Key Ratios JNJ JNJ
(5 yr avg)
S&P 500
Price/earnings 22.4 19.8 21.4
Forward price/earnings 18.6 N/A 19.9
Dividend yield 2.5% 2.9% 2.1%

In terms of price/earnings ratios and future price/earnings, Johnson & Johnson stock is currently trading relatively in line with the S&P 500 ratio and with its own average of the last five years. Johnson & Johnson's valuation is therefore a relatively attractive entry point for acquiring a superior business at a fair price.

The dividend yield, which currently stands at around 2.5%, is relatively lower than its historical average, but is still 0.4% higher than the index.

On the other hand, while a stock can not replace a fixed income product (bonds, GICs, etc.), Johnson & Johnson's dividend compares favorably to current interest rates, which is an additional factor contributing to the strength of this stock.

At Disnat GPS, we usually prefer securities with a clearly discounted price/earnings ratio relative to the S&P 500 and their own five-year average. In the case of Johnson & Johnson, the superior quality of the business is reason enough for us to pay a "quality premium"!


Fiscal Year 2012 2013 2014 2015 2016
Earnings per share ($) 3.86 4.81 5.70 5.48 5.93
Dividend ($) 2.40 2.59 2.76 2.95 3.15
Number of shares (millions) 2,821 2,783 2,767 2,721 2,694

Johnson & Johnson has paid out and increased its dividend in each of the past 54 years.

Over the past five years, Johnson & Johnson's dividend has increased by an average of more than 8% per year.

In addition, the company regularly buys back its shares. Over the past five years, Johnson & Johnson has repurchased more than 4% of its outstanding shares. In 2016, it used about two-thirds of its $10 billion buyout budget!

With regard to internal development, in addition to the approximately nine billion dollars earmarked for research and development and the proposed acquisition of Actalion for approximately $30 billion, the company also made 14 smaller acquisitions in 2016.

A steady increase in dividend, share buybacks, a large research and development budget and targeted acquisitions are the basis for good governance. Johnson & Johnson is therefore the perfect example of the kind of company we want to include in our Disnat GPS portfolios.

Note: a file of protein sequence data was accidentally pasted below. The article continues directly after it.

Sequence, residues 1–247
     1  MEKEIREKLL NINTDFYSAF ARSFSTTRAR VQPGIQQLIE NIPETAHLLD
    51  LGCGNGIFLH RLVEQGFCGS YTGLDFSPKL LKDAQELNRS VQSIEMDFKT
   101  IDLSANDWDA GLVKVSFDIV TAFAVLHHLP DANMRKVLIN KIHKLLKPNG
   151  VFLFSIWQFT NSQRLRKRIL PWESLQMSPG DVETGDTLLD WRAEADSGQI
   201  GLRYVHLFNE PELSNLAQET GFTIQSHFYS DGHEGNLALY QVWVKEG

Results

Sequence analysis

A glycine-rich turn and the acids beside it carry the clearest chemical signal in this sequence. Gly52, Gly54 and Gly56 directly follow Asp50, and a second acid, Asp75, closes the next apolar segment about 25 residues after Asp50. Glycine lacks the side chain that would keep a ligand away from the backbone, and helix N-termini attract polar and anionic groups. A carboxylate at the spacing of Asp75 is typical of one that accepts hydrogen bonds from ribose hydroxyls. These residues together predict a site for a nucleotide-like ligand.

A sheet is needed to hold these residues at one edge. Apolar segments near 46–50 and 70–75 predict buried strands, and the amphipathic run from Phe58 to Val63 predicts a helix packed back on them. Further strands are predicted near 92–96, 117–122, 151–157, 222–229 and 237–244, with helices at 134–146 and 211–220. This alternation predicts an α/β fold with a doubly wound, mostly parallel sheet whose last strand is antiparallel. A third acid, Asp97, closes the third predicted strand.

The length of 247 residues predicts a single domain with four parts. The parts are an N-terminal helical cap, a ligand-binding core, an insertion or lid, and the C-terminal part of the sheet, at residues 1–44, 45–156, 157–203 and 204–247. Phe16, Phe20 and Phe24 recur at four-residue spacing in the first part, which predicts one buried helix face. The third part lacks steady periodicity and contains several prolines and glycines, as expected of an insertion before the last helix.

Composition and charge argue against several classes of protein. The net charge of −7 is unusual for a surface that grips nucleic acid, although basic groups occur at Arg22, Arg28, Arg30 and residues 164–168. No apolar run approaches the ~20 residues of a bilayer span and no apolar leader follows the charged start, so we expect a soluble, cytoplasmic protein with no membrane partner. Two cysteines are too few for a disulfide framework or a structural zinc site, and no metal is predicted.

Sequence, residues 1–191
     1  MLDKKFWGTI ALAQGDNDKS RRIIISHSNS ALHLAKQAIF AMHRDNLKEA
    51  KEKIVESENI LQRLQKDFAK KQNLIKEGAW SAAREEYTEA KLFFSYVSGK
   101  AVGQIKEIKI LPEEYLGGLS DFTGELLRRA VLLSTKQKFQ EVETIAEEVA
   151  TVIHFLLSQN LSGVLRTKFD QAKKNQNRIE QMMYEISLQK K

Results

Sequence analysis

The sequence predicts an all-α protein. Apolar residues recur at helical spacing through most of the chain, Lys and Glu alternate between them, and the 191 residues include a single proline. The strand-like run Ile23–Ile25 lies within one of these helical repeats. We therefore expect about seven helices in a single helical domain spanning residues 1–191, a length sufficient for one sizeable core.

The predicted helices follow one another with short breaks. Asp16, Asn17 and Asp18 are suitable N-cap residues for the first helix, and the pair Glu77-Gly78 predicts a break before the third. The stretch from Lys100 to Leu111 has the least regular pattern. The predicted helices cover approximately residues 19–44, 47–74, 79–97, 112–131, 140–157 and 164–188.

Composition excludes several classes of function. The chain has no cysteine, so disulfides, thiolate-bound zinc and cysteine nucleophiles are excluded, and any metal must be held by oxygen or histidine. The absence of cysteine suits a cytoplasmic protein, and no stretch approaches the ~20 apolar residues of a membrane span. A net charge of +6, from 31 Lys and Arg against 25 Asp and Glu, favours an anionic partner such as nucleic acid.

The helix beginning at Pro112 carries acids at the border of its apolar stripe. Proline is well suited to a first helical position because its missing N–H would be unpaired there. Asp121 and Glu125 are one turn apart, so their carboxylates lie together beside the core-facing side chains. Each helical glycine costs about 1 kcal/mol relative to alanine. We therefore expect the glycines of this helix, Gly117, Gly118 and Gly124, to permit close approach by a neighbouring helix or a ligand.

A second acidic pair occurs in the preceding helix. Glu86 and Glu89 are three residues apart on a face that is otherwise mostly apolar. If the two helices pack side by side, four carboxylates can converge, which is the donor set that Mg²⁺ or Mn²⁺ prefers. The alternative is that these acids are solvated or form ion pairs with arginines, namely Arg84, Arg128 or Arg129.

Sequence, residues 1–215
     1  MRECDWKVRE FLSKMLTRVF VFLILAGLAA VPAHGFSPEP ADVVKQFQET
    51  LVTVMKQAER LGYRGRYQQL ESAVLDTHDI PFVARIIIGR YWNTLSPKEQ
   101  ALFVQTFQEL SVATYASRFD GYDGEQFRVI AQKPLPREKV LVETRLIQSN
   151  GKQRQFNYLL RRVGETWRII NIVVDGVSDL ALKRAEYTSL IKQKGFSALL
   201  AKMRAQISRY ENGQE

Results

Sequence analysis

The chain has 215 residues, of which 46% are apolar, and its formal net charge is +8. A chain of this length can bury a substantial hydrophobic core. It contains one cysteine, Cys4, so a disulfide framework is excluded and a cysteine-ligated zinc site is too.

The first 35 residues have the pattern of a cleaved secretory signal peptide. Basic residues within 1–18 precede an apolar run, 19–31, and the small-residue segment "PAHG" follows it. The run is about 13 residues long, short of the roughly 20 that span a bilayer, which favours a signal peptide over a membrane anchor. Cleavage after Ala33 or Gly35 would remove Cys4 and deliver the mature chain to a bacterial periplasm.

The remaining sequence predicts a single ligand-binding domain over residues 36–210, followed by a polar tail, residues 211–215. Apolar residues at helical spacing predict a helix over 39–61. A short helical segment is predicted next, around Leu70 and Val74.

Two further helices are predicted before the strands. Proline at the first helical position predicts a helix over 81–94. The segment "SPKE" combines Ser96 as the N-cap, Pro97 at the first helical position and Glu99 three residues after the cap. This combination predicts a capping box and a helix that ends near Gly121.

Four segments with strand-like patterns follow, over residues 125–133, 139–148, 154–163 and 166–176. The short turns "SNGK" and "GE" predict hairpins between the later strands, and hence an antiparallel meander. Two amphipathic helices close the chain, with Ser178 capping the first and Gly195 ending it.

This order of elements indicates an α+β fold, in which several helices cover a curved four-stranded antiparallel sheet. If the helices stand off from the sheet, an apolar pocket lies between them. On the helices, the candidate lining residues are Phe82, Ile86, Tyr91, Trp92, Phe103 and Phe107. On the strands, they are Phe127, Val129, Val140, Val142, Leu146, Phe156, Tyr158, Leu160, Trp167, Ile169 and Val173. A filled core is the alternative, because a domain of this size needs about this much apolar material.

Explanatory Notes

  1. Company Description
  2. Financial Health
  3. Growth
  4. Valuation
  5. Governance

At Disnat GPS, we believe that the topics, ratios and other financial figures presented here are particularly important.

However, for reasons of space, we can not publish all available data. We therefore invite you to read the additional financial information on the Disnat website.

Furthermore, this report is an analysis of the condition of a company today, with a medium to long term view. It is in no way an adequate tracking of daily activities of the stock market in general or of this particular company.

For a more regular monitoring of this and other securities held in one of our portfolios, please to subscribe to Disnat GPS now.


This Disnat GPS report is presented for general information purposes only. Desjardins Group, Desjardins Online Brokerage and Disnat GPS assume no responsibility for any errors or omissions and reserve the right to change or revise the contents of this report at any time without notice.

Financial and economic data, including stock quotes, analyses and interpretations thereof, is provided for informational purposes only and should in no way be regarded as a recommendation or advice to buy or sell any security or derivative.

It is possible that Desjardins or Desjardins Securities have already published differing or even contrary opinions to what is expressed herein. These views reflect the different views, assumptions and portfolio analysis methods of the analyst who provided them.

Desjardins Online Brokerage, its directors, officers, employees and agents will not be held liable for damages, losses or expenses incurred as a result of the use of information contained in this report.

All data are from Morningstar (©Morningstar).

The author

Steve Deschesnes

Steve Deschesnes

Economic and financial specialist